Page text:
Machine learning

docassemble allows you to use machine learning in your interviews.

What is machine learning?

Machine learning is like “fuzzy logic.” A computer can be trained to recognize patterns.

A common application of machine learning is “sentiment analysis” of phrases, such as Twitter messages. The goal is for the computer to be able to guess the emotional state of the author of a message based on the words that the author used. Consider the following examples:

  • I’m having a great day.
  • The weather is just lovely!
  • This day sucks.
  • The weather is so awful.

To train the computer to recognize emotion, a human being will give the computer examples like these along with an indication of what the “sentiment” is. In the examples above, the human would tell the computer that the first two examples are “happy” messages, and the second two are “unhappy” messages.

The computer then uses statistics to measure the association between words and emotion. After reading the first example, it will associate “great” and “day” with “happy.” After reading the second example, it will associate “weather” and “lovely” with “happy.” After reading the third example, it will associate “day” and “sucks” with “unhappy.”

After being “trained” with these three examples, if the computer was presented with the sentence “This day is lovely,” and asked to “classify” the sentence as either “happy” or “unhappy,” it could easily figure out the correct answer. It would consider the word “day” and it would remember that sometimes “day” is associated with “happy” and other times with “unhappy,” so it would find this word unhelpful in determining sentiment. But the only other time it had seen “lovely” was in the context of a “happy” sentence, so the presence of the word “lovely” would suggest that the sentence is a “happy” one.

This is an example of a simple statistical “model” that looks at word frequencies. Other models could be more sophisticated; they could automatically discard words like “is” and “a,” they could look at the ordering of words, and treat adjectives as more important than nouns.

Typically, models are general-purpose. A model that can be trained to classify sentences as “happy” or “unhappy” could also be trained to classify sentences as “botany-related,” “entomology-related,” or “ornithology-related.” Some models can only handle two possible outcomes while others can handle any number of possible outcomes.

Once a model is trained, it can be used to “predict” a classification based on given input. The outcome of the prediction will the assignment of a probability to each possible outcome. The outcome with the highest probability will be the “best guess.” For example, a model trained to identify “happy” and “unhappy” statements might predict that the phrase “I am feeling good today” has a 76% chance of being “happy” and a 24% chance of being “unhappy.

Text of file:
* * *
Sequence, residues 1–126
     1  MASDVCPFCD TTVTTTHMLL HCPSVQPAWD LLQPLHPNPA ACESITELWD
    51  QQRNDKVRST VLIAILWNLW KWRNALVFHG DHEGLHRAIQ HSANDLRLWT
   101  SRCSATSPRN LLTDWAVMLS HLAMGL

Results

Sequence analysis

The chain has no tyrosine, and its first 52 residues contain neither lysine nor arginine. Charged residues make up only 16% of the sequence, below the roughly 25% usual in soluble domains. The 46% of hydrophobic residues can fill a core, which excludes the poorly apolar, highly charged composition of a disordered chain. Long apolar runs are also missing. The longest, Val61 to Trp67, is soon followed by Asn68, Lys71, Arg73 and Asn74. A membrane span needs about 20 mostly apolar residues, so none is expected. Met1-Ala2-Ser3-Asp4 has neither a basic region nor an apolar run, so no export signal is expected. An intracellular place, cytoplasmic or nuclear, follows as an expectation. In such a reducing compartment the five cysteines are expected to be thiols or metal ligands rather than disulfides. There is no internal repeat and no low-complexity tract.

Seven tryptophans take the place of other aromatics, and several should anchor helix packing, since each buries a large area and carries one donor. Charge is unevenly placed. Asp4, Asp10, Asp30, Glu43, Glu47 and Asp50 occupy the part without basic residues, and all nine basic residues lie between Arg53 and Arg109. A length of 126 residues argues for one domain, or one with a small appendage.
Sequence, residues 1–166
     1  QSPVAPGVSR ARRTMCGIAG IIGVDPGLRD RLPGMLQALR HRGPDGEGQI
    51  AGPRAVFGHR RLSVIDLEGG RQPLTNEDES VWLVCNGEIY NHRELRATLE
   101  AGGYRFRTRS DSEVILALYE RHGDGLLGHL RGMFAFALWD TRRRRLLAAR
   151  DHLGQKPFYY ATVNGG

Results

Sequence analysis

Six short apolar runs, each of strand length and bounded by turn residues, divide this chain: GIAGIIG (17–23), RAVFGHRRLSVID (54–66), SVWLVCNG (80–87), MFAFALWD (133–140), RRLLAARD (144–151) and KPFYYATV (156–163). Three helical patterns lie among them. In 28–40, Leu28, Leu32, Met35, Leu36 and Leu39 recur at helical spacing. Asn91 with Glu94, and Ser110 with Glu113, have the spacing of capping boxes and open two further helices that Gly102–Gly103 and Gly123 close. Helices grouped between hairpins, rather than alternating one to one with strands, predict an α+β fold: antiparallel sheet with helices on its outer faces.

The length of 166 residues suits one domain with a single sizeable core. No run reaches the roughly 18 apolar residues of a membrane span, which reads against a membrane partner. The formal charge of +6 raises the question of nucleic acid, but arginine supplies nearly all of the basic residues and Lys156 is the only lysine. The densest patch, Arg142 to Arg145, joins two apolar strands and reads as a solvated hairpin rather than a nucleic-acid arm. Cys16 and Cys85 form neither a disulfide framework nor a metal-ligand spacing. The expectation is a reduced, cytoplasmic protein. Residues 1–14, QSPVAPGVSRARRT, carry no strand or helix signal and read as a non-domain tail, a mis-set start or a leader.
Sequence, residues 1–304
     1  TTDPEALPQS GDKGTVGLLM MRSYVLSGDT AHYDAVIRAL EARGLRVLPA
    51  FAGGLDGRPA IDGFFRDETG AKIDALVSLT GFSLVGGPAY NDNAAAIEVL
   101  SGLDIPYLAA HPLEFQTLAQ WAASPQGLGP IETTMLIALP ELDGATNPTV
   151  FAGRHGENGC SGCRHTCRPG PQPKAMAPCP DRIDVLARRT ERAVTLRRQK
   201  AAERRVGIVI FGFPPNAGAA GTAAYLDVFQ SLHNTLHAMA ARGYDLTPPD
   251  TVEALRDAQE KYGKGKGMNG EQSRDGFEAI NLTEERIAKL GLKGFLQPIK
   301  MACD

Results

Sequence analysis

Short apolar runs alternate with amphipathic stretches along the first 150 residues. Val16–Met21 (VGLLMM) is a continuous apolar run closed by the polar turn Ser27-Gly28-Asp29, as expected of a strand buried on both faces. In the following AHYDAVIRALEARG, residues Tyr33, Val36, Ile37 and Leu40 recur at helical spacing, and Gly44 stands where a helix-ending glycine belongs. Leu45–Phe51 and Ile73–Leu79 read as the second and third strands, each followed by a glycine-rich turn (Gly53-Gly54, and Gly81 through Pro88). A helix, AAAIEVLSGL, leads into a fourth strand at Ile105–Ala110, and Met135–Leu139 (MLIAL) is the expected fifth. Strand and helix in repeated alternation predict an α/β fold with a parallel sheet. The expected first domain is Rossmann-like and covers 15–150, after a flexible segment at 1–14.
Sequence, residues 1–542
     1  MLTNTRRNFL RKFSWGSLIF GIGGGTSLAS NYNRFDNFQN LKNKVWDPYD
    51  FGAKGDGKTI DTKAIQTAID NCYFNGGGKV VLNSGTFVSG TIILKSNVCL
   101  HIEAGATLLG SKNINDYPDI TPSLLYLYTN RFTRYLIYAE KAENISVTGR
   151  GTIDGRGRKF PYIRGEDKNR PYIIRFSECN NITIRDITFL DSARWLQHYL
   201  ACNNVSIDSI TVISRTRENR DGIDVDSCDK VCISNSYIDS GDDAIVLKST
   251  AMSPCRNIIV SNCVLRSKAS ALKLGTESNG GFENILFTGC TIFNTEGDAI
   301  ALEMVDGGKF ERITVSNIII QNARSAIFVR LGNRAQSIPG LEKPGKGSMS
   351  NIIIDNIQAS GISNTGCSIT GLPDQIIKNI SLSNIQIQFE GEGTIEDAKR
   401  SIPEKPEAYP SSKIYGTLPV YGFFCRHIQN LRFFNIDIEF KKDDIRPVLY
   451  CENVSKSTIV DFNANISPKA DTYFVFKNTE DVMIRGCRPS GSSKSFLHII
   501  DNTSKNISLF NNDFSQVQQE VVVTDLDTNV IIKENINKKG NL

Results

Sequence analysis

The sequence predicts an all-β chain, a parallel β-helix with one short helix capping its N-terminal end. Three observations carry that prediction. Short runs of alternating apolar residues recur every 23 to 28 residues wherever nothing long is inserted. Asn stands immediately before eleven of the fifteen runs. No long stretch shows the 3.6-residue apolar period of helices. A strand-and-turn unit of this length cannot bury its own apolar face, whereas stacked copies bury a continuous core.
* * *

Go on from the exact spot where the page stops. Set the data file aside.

The information you put into model and the information you get out of a model as a prediction can both be expressed as “variables.” The predicted value is the “dependent variable,” while the information with which the model is trained is known as the “independent variable.” The dependent variable depends on, or “is a function of” the independent variable or variables. In the “sentiment analysis” application discussed above, sentences like “I am happy today,” are “independent” variables, while terms like “happy” or “unhappy” are “dependent” variables. The classification variable (the value of which is “happy” or “unhappy”) depends on the input variable (the value of which which is “I am happy today,” or “My life sucks,” etc.). The terminology of “dependent” and “independent” variables is the terminology of regression analysis in the field of statistics. (Machine learning is actually just a kind of regression analysis.)

Once a model has been “trained,” it can be “tested” to see how accurate its predictions are. For example, the “sentiment analysis” model discussed above could be tested by running 100 predictions on a variety of happy and unhappy phrases and measuring how often the “predictions” are correct. If the model correctly classifies happy statements as “happy” about 95% of the time, and also classifies unhappy statements as “unhappy” about 95% of the time, then it performs pretty well.

When “testing” the performance of a trained model, it is important to use different data than the data with which the model was trained. If the model was trained to know that “I am feeling good today” is classified as “happy,” then if you ask the model to classify the phrase “I am feeling good today,” it is likely to give you the correct answer. However, that does not mean the model is any good at classifying phrases it has never heard before.

It is helpful to understand the concepts of “models,” “training,” “testing,” and “prediction,” and the difference between “dependent” and “independent” variables. Once you understand these general concepts, you can make use of machine learning without knowing any further information about how particular models work or the statistics underlying them. All that you need to do is make sure you “train” the model with a sufficiently diverse set of data. If you had the most sophisticated model in the world but you only trained it with “happy” sentences, it wouldn’t be able to recognize an “unhappy” sentence.